The MCC Blog

Welcome to MCC’s weekly blog. From thoughts about the Bible, to every day experiences, to pop culture, join us as we write through what we believe. Feel free to comment and share to your social media site as well! If you would like to email us about a certain blog, please be sure to include the title of the blog in the subject line, and send to admin@metrocrest.org. 

A Relient K Christmas

One of the things I look forward to the most at this Christmas-time of year, is the music. Popping in a CD of my favorite mix of Christmas tunes takes me back to Christmases long, long ago as well as the seasons most recently passed. Music is one of those common threads onto which you can latch another year of created memories.

From the 40’s and 50’s favorites such as “Santa Baby” by Eartha Kitt and “White Christmas” by Bing Crosby to the more recent “All I Want For Christmas is You” by Mariah Carey, each song elicits everything from a laugh and a giggle to a smile and a tear. One of the songs that causes me the most tears, yet I still listen to it over and over, is Amy Grant’s “Grown-Up Christmas List.” On the opposite end of the spectrum is one that is not technically a Christmas song, but one that I play repeatedly because of my Texas roots longing for some snow, is Dean Martin’s “It’s a Marshmallow World in the Winter.”

Between these extremes of unselfishly longing for all the problems in the world to be resolved and selfishly longing for snow that won’t melt when it hits the ground, lies a song of personal introspection; a song that I not only listen to repeatedly, but I love to share with others.  I want to see if it will prompt them to think the way it makes me think… long, hard, and deep.  


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Christmas preparation for the busy soul

When did stress and Christmas become so closely linked? 

Few of us set out to overcrowd our schedules, spend too much, eat way too much, or see the season go by so fast that all we retain are blurred memories of no particular quality. We end up in January, vaguely let down and aware that we have somehow (again) missed the point – the joy of our Savior’s birth and its implications for Christians all over the world.

I was determined not to let that happen this year, so I am going to try a couple of things.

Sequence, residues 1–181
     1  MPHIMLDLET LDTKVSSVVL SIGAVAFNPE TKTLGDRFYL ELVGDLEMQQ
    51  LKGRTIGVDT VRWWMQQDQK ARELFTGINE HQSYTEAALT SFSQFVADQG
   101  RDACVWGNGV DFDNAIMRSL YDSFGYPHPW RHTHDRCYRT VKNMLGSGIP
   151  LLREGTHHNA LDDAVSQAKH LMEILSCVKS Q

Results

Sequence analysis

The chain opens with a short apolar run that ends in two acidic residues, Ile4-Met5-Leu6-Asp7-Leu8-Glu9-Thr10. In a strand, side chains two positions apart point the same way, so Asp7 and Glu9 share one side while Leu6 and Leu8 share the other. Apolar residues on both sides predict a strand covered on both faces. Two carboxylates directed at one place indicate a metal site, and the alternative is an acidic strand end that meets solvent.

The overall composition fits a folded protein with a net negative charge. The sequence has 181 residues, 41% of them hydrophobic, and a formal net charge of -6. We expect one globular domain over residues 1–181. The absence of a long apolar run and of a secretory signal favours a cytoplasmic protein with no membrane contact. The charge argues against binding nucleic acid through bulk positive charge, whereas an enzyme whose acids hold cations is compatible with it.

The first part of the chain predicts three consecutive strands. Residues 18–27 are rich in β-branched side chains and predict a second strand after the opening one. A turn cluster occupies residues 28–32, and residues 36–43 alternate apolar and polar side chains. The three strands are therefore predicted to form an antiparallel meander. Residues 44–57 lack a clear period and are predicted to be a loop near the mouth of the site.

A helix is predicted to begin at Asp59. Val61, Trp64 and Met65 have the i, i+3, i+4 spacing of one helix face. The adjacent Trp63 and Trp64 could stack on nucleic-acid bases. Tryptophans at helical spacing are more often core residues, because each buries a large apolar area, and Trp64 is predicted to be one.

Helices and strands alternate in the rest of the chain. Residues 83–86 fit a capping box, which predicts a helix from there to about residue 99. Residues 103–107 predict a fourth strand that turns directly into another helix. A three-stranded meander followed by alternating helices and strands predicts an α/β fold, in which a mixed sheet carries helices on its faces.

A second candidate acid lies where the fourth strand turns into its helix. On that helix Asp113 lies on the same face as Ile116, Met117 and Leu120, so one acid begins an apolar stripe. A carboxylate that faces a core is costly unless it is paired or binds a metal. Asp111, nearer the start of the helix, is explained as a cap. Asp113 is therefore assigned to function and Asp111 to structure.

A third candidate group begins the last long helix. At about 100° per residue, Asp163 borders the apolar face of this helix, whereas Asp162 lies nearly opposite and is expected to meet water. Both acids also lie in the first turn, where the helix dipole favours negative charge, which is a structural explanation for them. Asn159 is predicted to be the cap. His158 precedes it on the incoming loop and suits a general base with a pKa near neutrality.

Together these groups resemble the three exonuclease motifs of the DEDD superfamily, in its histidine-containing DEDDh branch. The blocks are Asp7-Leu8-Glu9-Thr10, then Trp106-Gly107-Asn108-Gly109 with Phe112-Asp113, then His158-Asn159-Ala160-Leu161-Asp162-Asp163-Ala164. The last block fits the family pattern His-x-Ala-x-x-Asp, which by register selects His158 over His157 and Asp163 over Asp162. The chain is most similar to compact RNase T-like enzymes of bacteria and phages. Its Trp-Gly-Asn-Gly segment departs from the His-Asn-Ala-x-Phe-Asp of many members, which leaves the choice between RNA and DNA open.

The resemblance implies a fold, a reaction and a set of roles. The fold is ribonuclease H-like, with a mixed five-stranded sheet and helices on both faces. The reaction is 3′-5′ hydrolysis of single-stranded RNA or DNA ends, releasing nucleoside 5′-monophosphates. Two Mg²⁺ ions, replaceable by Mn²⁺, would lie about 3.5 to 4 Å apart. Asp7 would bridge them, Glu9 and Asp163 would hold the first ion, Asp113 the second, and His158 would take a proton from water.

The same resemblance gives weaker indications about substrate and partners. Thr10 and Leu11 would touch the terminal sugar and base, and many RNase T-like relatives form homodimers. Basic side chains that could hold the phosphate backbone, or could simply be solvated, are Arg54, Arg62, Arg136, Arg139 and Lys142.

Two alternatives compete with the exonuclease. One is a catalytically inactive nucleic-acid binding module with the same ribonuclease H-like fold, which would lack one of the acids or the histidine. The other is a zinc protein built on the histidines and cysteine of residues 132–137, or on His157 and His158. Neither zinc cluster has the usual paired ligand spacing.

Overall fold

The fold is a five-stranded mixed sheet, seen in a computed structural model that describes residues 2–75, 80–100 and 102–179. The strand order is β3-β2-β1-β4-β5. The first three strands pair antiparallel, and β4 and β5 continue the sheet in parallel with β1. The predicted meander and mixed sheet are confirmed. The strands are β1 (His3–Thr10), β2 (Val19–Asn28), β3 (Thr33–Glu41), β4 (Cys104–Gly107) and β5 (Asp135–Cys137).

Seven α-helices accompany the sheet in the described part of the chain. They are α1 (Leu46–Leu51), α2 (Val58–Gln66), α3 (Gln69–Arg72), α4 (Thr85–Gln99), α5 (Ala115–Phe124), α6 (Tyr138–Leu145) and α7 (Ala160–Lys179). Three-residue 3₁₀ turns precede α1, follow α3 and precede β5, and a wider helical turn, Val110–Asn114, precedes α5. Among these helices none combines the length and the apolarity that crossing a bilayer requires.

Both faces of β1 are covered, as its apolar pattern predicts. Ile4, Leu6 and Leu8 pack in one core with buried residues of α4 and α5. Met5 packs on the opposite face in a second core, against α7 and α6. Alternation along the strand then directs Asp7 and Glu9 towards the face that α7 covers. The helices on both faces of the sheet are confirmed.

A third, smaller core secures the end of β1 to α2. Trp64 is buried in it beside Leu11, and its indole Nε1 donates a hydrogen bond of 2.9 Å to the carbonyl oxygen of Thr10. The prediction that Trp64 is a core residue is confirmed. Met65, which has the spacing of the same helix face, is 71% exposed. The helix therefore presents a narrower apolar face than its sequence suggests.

1. Plan ahead
  2. Re-orient my viewpoint

The first idea is one I read about in a waiting room magazine article. Before the holiday season began (for many of us, that’s before Thanksgiving, although it’s still not too late) I sat down with my family and a calendar.


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How should we then speak?

Guns, race, rights, religion, politics, patriotism, freedom, equality, justice – Woof. Can we talk about these things? Should we talk about them? How do we talk about them? Who should we talk about them with? 

Talking is hard. For some it is literally difficult. Heck, I have a speech impediment that can turn the burger chain “Red Robin” into “Wed Wobin” if I am over-tired or talking too fast. Honest conversation about complex, nuanced issues with people of differing perspectives is even more challenging.  

Nonetheless, we all implicitly know the need to have conversations, to see others perspectives. We see the need in the way we parent: “Johnny, how would you feel if Suzy took your train while you were playing with it?” “Timmy, how do you think that made Betty feel?” “Use your words.” We train children from a young age to see others’ perspective, to empathize, and to converse. 

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A Fish story that’s not…

Fish story and fish tale: idioms for “an improbable, boastful exaggeration.”
 
At first glance, the greatest fish story ever told, seems to fit that description. Not the one about Moby Dick, nor those most excellent fish tales of the great catch that almost sank a boat or a few fish that fed thousands. I’m referring to the one that is a whale of a tale, though probably not actually about a whale. I’m referring to
Jonah’s fish story.
 
Jonah was the first book of the Bible that I ever memorized. Not a great boast, since I’ve only memorized two of the 66 books so far, but nonetheless, my first and my favorite. I love this story, this very true story. Jesus paralleled Jonah’s three days in the great fish with his own three days in the grave, verifying and validating the truth of this amazing bit of biblical history.

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The Man who created Harvey Weinstein

Lots of ink – literally and figuratively – has been spilled the last couple weeks over disgraced Hollywood producer Harvey Weinstein. There’s no need to rehash what has been covered over and over and over again, in greater detail than many of us would care to know. Numerous theories have been proposed as to how he grew into the poster child for sexual assault. That’s something worth considering, for the sake of our sons and daughters. Who created Harvey Weinstein?

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